Money euill got as euill lost.
Non habet euētus, sordida præda benos.
Ex Gual Gisburn.Ex Flori. hist.
In so much, that their ships were beaten one agaynst an others sides, and drowned there was of them at that tempest lying at anchor, more then 120. with all their armour and munition with innumerable soules besides, and that wicked mony also which they had taken before likewise perished and was drowned. But the tempest hurt not so much as one ship of Prince Edwardes, who had in number. xiij. nor yet had one man lost therby: for that as it may be presupposed, he consented not to the wicked counsayle of the rest. When in the mornyng the Princes and kinges came to the sea side, and saw all their ships drownd: and saw their men and horses in great number cast vpon the land drowned, they had full heauy hartes, as well they might. For of all their ships and mariners, which were in number a 1500. besides the common souldiours: there was no more saued, then the Mariners of one onely shippe, and they in this wyse. There was in that shippe, a good and wyse Matrone (a Countesse or an Earles wyfe) perseuyng the tempest to grow, and fearyng her selfe, called to her the Master of the ship: and asked whether in attemptyng to the shore, it were not possible to saue themselues: who answered, that to saue the ship MarginaliaPrince Edward and his mē preserued from the tempest.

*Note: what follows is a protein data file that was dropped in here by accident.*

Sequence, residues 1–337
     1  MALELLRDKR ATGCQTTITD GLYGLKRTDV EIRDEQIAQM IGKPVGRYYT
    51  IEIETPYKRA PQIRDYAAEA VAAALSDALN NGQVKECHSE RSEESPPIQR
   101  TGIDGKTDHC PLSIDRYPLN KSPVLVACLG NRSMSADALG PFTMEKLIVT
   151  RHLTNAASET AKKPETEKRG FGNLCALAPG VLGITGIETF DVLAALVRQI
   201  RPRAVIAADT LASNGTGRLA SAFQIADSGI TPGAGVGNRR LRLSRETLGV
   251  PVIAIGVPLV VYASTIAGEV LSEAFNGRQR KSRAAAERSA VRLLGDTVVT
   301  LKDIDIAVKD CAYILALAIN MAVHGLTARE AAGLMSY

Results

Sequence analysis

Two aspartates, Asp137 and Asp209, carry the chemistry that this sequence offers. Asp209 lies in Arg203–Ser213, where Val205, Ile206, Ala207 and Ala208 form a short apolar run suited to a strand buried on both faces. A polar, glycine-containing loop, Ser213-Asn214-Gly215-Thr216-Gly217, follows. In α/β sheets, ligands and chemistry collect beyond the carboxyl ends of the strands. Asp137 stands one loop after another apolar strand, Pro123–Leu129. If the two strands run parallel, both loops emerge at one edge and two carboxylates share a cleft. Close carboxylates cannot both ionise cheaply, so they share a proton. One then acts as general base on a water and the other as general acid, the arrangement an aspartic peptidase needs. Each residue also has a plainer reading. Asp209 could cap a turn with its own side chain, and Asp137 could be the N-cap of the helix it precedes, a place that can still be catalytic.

The integritie of Prince Edward rewarded of god.
it was impossible, howbeit the men that were therein by Gods helpe he doubted not. Then sayd the Countesse, for the shippe force no whitte: saue the soules therin, and haue to thee, double the valure of thy ship. Who immediatly hoysing the sayles, with all force ran the ship a ground so neare the shore as possible was. Thus with the vehemency of the weather and force he came with all, brast the shippe and saued all that was within the same, as the maister had shewed and sayd before.